An artist’s depiction of the blast. Photo: Allen West and Jennifer Rice, CC BY-ND
- A paper published by Scientific Reports claimed the city of Tall el-Hammam was destroyed by a ‘cosmic airburst’ caused by an asteroid in 1650 BCE.
- It suggests that the oral description of the event was passed down until it was recorded in the Bible as the destruction of Sodom.
- Scientists and researchers have raised concerns, identifying potential image manipulation and apparent attempts to ‘cherry pick’ data.
New Delhi: A paper that was published by the journal Scientific Reports, claiming to provide evidence for the Biblical story of the devastation of the city of Sodom, has come under scrutiny following allegations of image manipulation and cherry-picked data.
The paper, entitled ‘A Tunguska sized airburst destroyed Tall el-Hammam a Middle Bronze Age city in the Jordan Valley near the Dead Sea’, says that around 1650 BCE (3,600 years ago), a “cosmic airburst” caused by an asteroid destroyed the city in the southern Jordan Valley.
It reports evidence of melted pottery and plaster, shocked quartz and diamond-like carbon from a dig site at the city, which it says suggest that the city was exposed to a sudden, high-temperature event. This event was caused by the explosion of a “space rock” about 4 km above ground, resulting in “a massive shockwave” smashing into the city, demolishing every building, the study’s authors say.
As one of them wrote for The Conversation, “It’s possible that an oral description of the city’s destruction may have been handed down for generations until it was recorded as the story of Biblical Sodom.”
Biblical legend says that Sodom was “consumed with fire and sulphur”, destroyed by god for the sins of its inhabitants.
The paper became very popular and was ranked “as the top article for online attention among papers published at the same time”, according to Retraction Watch, a website and publication that reports on retractions of scientific papers.
However, concerns about potential image manipulation soon emerged. Dutch microbiologist and celebrated science integrity consultant Elisabeth Bik pointed out on PubPeer – a website where users discuss and review scientific research – that many images in the paper seemed to have repetitive elements.
Writing on her blog, she speculated that the “authors maybe did not have access to the original photos, but might have used photos previously published on blogs or in books about the Tall el‐Hammam dig, photos that perhaps contained labels or other elements that the authors may have wished to remove”.
Bik also raised concerns about the affiliations of two of the paper’s co-authors and the potential for conflict of interest. Alan West and Timothy Witwer are affiliated to the Comet Research Group, whose mission, Bik said, “appears to be to show that ancient cities were frequently destroyed by comets” and to do something about comets before “your city is next”.
Indeed, both the abstract for the paper and The Conversation article end with speculation that cosmic airbursts, such as the one they claim destroyed Tall el-Hammam, pose severe modern day hazards.
A denial, then admission
Phillip Silvia, the senior author of the study, denied any of the images were any manipulations to the images. He told Retraction Watch on October 1:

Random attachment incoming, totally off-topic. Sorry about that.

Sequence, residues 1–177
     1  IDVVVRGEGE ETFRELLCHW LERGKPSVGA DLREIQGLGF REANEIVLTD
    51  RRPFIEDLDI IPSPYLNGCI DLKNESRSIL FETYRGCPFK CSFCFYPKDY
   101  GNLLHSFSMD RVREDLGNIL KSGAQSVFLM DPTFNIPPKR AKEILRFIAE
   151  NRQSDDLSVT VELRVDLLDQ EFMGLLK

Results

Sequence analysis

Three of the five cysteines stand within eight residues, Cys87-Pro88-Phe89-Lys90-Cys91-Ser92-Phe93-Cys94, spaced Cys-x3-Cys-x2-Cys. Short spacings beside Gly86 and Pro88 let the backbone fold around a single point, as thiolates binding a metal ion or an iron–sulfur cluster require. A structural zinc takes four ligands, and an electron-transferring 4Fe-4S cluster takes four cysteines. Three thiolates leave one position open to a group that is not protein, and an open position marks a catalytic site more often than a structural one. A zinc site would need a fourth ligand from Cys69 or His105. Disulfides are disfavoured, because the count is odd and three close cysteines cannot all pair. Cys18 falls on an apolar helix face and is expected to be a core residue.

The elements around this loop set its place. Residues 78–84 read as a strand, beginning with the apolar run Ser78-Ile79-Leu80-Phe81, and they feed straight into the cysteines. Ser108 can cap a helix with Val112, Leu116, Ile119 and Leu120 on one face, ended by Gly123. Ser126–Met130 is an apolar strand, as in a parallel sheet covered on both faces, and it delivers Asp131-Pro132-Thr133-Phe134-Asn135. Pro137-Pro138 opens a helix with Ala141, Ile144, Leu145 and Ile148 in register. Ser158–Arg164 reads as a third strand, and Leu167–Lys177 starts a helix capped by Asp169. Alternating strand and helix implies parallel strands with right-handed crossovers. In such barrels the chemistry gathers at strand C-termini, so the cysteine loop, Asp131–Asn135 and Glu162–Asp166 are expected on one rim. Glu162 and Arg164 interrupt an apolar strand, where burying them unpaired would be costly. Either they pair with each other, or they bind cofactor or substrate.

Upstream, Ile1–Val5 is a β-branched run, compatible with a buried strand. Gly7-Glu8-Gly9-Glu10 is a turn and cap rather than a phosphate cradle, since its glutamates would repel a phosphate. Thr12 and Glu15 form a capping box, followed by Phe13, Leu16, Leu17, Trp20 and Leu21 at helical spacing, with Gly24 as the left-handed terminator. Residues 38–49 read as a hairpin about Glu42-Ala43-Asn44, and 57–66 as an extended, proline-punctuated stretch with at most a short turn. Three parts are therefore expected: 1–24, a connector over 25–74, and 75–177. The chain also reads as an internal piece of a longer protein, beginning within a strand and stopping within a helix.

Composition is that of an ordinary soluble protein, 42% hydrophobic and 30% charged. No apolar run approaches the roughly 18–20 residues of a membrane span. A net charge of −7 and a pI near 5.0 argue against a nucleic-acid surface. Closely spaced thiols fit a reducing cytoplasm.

“As far as the comments made in the link you provided are concerned… Note that they are all ad hominem attacks against the authors (including myself) and the institutions (like TSU) and affiliations (like the Comet Research Group) with which we are associated. None of their comments address the science within our paper, probably because they have nothing of value to add to the discussion.”
But in a blog post that was published after Silvia’s denial, another co-author of the study, George Howard, admitted that a “graphic artist made minor, cosmetic corrections to five of 53 images”.
“All of [the corrections] were distant from any important scientific data and no changes were made to key data, such as bones or potsherds,” he said, including the “original unaltered images” in the post. “We have already submitted corrected images to Scientific Reports,” he added.
The original images showed that the manipulations were to remove labels and arrows present in other versions of the photos.
Bik noted, “Interestingly, the Scientific Reports paper presents the images as novel, and does not clarify who originated them, and whether they could have been published before.” She added that the alteration of parts of photos “appears to be in conflict with Nature/Scientific Reports guidelines about image preparation”.
Richard White, the chief editor of Scientific Reports, told Retraction Watch that the journal is aware of the concerns that have been raised and that it is considering them carefully.
Meanwhile, other researchers also found issues with claims made by the paper that the destruction of mud walls in Tall el-Hammam was “unique”.
Bioarchaeologist Meagan Perry said on Twitter on September 23 that the paper’s claims of mudbrick fragmentation/debris, “shearing” off of mudbrick walls and missing mudbrick “aren’t any different than a typical excavation of mudbrick walls built upon stone foundations”.
Perry also criticised the study for not consulting with someone familiar with skeletal trauma and taphonomy1 to analyse human remains. The paper claims that the remains, which it admits may be either of humans or small mammals, were “rapidly entombed by pulverized mudbrick”.
Perry said that the study’s use of a “medical doctor” to provide skeletal analysis “is simply laughable”. She concluded by saying that the study and the paper demonstrate the “danger of being strongly wedded to one hypothesis” and “cherry-picking data to support it”.
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